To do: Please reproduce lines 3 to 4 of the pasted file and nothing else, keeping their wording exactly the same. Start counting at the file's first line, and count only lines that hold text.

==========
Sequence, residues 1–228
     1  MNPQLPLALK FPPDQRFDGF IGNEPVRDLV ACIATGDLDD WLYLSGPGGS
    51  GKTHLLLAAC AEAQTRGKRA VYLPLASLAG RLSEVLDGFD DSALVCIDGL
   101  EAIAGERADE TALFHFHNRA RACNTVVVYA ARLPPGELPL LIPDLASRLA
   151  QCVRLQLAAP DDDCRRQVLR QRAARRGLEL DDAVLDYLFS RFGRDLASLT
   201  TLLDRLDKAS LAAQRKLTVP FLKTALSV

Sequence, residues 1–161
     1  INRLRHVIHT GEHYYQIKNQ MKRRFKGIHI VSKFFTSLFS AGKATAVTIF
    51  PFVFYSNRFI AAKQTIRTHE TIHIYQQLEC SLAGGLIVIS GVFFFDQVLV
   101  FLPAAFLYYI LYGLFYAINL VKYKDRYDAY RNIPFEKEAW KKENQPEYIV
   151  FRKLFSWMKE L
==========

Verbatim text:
    51  GKTHLLLAAC AEAQTRGKRA VYLPLASLAG RLSEVLDGFD DSALVCIDGL
   101  EAIAGERADE TALFHFHNRA RACNTVVVYA ARLPPGELPL LIPDLASRLA